Tropical Storm Agatha, the first named storm to hit the eastern Pacific this year, is hurtling toward the Mexican coast and has the potential to become a hurricane, causing life-threatening flash flooding and mudslides, the National Hurricane Center said Saturday.
Agatha could make landfall Monday as a Category 2 hurricane with maximum sustained winds of 100 miles per hour, Dennis Feltgen, a meteorologist and spokesperson for the Hurricane Center, said Saturday.
Agatha was on her way to the largely rural Mexican state of Oaxaca and was said to disappear Wednesday morning. A hurricane watch was placed off the southern coast of Mexico, from Salina Cruz to Punta Maldonado.
Mr. Feltgen said storms that originate in the eastern Pacific generally do not reach the United States as hurricanes. The same goes for Agatha, he said, though he added that if the storm “survives its passage through Mexico, its remains could surface in the Gulf of Mexico.”
Agatha formed off the Mexican coast and was called on Saturdaynot long after the official start of the Eastern Pacific hurricane season, which runs from May 15 to November 30.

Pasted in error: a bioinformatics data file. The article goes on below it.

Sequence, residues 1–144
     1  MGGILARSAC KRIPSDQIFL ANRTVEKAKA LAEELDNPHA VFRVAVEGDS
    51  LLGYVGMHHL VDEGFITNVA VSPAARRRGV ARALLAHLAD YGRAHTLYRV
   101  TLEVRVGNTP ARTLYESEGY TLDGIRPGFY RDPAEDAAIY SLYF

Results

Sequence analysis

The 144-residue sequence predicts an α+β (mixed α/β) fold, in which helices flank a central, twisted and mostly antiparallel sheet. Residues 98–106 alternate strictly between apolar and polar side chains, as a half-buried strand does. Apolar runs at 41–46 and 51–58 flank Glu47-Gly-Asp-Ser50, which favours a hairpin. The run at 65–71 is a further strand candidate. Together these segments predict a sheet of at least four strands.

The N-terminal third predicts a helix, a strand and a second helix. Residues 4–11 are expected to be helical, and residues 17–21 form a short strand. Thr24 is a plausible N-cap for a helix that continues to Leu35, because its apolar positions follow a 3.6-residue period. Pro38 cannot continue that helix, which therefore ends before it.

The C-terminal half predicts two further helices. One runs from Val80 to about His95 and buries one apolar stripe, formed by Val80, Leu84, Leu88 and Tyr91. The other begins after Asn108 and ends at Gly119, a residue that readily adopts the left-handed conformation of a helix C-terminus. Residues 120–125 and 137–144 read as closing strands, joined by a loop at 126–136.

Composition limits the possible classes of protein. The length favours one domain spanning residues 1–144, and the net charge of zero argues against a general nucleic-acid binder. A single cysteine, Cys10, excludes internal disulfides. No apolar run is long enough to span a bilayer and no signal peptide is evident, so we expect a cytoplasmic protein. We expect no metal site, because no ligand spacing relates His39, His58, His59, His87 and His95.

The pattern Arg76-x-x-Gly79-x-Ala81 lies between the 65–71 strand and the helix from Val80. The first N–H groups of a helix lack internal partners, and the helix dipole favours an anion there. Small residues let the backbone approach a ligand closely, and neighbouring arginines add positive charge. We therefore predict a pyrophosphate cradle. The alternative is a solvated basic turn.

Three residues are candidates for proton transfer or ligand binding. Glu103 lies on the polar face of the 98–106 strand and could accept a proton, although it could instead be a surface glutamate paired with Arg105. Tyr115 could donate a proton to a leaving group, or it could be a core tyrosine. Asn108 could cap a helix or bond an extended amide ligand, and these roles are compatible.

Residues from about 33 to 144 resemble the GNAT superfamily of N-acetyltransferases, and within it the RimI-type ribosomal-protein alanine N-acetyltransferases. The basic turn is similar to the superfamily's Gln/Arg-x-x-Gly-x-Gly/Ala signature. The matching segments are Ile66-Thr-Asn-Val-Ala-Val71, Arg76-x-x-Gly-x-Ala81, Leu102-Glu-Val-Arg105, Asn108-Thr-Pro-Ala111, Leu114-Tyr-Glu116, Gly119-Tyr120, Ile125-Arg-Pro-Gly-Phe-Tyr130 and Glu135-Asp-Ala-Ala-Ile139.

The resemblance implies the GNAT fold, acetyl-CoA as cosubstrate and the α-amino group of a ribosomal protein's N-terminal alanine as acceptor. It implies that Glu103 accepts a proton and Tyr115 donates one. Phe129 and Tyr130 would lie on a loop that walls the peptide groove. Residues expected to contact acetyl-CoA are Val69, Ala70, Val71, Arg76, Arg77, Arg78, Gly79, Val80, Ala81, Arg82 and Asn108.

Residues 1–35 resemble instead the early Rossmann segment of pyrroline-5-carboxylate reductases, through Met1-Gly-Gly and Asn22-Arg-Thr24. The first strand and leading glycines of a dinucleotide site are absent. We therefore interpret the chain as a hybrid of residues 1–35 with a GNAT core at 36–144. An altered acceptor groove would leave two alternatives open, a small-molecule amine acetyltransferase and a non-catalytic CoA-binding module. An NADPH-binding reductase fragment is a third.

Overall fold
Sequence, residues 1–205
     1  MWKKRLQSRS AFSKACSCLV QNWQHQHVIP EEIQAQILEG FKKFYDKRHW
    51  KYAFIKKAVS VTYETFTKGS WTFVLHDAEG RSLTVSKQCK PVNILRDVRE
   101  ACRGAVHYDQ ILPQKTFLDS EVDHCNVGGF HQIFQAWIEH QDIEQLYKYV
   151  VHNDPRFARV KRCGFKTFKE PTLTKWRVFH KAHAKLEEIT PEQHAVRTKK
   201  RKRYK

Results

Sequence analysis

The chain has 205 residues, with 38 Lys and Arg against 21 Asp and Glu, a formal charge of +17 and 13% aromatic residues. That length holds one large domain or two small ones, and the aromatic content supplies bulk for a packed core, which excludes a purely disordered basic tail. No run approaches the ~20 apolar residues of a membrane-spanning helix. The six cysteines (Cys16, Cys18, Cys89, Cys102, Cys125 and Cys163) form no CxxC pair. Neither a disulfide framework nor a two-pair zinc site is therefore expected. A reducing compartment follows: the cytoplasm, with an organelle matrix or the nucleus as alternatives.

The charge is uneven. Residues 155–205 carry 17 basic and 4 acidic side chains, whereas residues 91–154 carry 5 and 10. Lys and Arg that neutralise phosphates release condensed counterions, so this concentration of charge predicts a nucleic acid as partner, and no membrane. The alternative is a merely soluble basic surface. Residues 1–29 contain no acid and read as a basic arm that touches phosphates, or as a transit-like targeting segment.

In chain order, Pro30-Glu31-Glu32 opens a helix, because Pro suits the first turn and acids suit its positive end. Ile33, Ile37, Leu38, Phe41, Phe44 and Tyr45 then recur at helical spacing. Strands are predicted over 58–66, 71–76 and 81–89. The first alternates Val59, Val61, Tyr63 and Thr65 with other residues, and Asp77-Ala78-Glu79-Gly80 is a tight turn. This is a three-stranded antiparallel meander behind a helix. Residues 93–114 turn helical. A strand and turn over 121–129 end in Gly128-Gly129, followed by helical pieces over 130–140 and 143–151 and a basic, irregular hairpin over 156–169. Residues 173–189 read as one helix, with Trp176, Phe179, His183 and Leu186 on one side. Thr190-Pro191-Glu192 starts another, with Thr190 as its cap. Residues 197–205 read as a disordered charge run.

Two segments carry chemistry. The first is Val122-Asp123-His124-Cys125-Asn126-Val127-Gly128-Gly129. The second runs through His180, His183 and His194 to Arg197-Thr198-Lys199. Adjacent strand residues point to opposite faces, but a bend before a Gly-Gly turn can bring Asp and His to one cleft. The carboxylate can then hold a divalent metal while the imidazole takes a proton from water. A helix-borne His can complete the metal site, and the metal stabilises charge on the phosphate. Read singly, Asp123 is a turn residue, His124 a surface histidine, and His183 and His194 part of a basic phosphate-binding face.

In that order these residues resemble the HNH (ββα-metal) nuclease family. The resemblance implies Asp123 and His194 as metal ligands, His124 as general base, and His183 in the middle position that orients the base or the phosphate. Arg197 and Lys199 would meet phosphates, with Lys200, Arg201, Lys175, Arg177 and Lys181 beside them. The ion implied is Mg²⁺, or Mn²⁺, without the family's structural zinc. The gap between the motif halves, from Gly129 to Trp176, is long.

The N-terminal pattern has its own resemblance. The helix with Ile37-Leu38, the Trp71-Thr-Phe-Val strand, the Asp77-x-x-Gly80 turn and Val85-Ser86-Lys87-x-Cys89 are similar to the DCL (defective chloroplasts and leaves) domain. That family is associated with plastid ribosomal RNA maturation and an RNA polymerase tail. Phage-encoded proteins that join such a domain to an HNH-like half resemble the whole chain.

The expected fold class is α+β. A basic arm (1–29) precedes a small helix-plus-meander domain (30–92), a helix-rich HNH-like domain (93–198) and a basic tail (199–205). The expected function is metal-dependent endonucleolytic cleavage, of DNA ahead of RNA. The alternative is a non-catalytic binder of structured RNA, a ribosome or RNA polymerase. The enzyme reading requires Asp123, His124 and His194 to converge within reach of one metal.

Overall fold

The Atlantic hurricane season — the term used for storms that form in the Gulf of Mexico, the Caribbean Sea, and the Atlantic Ocean — runs from June 1 to November 30. Those regions are responsible for the worst hurricanes to hit the United States. said Feltgen.
This year is on track to be the first time since 2014 that no hurricane has formed in the Atlantic before the official start of the season. However, the season generally doesn’t peak until mid-August through the end of October, and forecasters predict above-average Atlantic activity this year, with six to 10 hurricanes and three to six major hurricanes, the National Oceanic and Atmospheric Administration said this week.
If the forecast comes true, this year will be the seventh consecutive above-average hurricane season.
The causes for the predicted intensity of hurricanes listed by NOAA include the climate pattern known as La Niña, which affects wind speed and direction, and a particularly intense West African monsoon season, which produces waves that can lead to powerful and prolonged hurricanes.